Though I’m technically still on summer break from teaching duties, it’s definitely time to start gearing up for the semester and plan my courses. However, I’ve been having a hard time transitioning my ‘summer brain’ back into activity, and so I decided to throw down a gauntlet at my own feet.
They are completely ignoring my gauntlet! What's so interesting about a camera strap, anyway?
This is a post that I originally published on 26 January 2010. It’s a piece about how learning other languages may or may not have influenced the way I think. As I was writing, I realized that it was growing beyond the confines of a single post, so I published when I’d gotten to what felt like a natural stopping point. I finished relating my experiences with languages and left off when I started exploring the question of their influence on my thought.
As you can see, that was a year-and-a-half ago. The second part of this post has been languishing as I was researching and getting distracted by the thousand other topics I’d love to write about, not to mention being occupied with teaching and, you know, general living. This then will be the challenge I give to myself this week: finish Part Deux!
So here’s ‘le premier part’ once more to get things rolling (I’ve made a few minor edits and added some pictures.) And then, finally, we’ll get to the long overdue sequel by the end of this week. Hopefully after meeting this challenge, the mental transition will be complete and I will have awakened my brain from its estival hibernation. Continue reading
Once upon a time, there was a little criancinha,
Que estava pendurada from a little janelinha.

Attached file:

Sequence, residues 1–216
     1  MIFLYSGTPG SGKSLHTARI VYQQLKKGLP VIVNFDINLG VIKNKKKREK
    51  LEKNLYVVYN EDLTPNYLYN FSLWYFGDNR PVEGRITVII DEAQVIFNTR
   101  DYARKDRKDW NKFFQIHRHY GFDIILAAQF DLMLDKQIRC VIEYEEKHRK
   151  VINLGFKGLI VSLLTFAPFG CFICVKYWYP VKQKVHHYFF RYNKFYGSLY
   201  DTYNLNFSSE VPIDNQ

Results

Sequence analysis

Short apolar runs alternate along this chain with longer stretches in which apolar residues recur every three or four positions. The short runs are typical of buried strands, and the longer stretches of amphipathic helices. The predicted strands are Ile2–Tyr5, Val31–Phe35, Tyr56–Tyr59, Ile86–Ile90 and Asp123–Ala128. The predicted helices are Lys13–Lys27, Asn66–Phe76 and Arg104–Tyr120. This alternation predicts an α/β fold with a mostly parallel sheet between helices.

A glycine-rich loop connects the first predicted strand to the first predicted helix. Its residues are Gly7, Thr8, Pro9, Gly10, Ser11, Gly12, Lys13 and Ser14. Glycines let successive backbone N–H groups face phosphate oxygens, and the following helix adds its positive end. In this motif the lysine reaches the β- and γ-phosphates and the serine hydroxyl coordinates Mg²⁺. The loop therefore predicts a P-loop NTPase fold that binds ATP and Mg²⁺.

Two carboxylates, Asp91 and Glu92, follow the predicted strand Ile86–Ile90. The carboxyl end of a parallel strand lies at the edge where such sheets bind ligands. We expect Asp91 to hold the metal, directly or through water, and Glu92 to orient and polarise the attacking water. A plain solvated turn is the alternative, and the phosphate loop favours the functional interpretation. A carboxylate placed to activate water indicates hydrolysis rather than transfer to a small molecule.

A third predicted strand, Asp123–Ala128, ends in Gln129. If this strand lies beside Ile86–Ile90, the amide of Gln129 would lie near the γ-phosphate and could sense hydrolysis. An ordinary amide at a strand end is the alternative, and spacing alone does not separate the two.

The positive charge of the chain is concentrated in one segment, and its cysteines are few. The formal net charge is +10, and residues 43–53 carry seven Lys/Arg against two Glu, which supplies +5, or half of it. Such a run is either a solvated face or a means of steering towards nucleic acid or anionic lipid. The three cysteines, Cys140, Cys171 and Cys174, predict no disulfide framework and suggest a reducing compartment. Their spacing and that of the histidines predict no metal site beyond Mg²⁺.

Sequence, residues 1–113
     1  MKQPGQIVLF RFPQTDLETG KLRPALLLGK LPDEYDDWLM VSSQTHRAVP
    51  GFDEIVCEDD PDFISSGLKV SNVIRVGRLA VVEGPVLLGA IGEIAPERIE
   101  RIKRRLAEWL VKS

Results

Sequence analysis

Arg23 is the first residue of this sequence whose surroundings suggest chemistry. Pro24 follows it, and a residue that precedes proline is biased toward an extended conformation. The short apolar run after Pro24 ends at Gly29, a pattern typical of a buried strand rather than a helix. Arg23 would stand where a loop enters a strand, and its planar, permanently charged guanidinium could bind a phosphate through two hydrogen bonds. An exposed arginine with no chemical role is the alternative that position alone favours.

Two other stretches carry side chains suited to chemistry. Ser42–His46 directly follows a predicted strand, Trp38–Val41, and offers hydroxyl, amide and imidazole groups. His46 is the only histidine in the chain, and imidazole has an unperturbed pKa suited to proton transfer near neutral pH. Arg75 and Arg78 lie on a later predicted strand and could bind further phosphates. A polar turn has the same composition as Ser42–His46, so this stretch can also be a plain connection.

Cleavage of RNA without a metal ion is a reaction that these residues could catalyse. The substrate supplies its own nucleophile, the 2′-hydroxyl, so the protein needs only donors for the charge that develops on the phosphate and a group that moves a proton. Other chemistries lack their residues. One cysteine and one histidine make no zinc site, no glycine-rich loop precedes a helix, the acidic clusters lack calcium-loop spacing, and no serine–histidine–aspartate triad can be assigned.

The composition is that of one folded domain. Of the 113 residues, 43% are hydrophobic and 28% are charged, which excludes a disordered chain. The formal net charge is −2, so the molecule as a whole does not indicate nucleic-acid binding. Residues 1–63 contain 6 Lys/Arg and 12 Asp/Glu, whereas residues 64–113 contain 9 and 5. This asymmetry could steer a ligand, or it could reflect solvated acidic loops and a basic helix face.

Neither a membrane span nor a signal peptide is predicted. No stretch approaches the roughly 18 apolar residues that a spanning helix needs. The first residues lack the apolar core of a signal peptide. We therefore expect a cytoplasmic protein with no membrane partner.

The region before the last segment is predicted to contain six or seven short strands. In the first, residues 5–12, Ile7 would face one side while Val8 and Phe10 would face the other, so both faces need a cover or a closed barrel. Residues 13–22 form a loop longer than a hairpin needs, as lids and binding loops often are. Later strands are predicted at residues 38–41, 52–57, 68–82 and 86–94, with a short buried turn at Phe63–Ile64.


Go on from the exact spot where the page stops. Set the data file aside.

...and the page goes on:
A policeman que passou said,
Qu’est-ce que tu fais ici, oh little criancinha?*
As many women grow older, they fear becoming their mothers. They see it in little things they say or in mannerisms they have seemed to pick up without noticing. It sneaks up on them like a predator, waiting to deliver the fatal blow when they realize that they’ve just made the same yukky face that they used to hate on their mothers’ faces.
Whew! Thank goodness I don’t have to deal with that! I know I’m saved from that fate because it’s been clear to me for a long time that I am the female incarnation of my father, right down to the way my feet twitch when I’m bored or relaxed. This realization came to me hard, like a Chuck Norris roundhouse kick, one day many years ago in grad school. Continue reading
I have spent my life around different languages. At home, though I heard mostly English, there was plenty of Portuguese being thrown around, especially when my parents were talking about us. When I wasn’t at home, I was usually found at my best friend’s house, whose parents were francophone Quebecois. Another friend down the road lived with her Ukranian grandparents. I befriended the foreign students, starting with the little Italian girl who started school with us in 2nd grade. After all this, it should come as no surprise that I have spent the last 20 years focusing my attention on languages and linguistics.
When my oldest sisters started school, they spoke almost no English. After some time of watching her children become confused by hearing English at school and Portuguese at home, my mother decided that the best thing for the family would be to switch the home language to English. She did not want her children to have difficulty at school, and believed that dealing with two languages would only serve as a distraction and source of confusion for them. She wanted to make it easier to navigate this new culture and society she and my father had chosen to live in. As a result, I was born into a family that had made the transition almost completely into English, with the exception of certain kitchen commands, food terms, random traditional expressions, and ‘colorful’ phrases one would say when very angry at a small girl who has just broken the sugar bowl.
I get a bit enthusiastic about the dictionaries.
As a teenager and adult, I’ve had moderate success with second languages, but I longed for the same ease in another language as I have in English. I listen enviously to all the people I know who were lucky enough to have been brought up bilingual, and I wondered what prompted my mother – and many like her – to believe that maintaining her native language at home while her children learned English in school would have been a mistake. Continue reading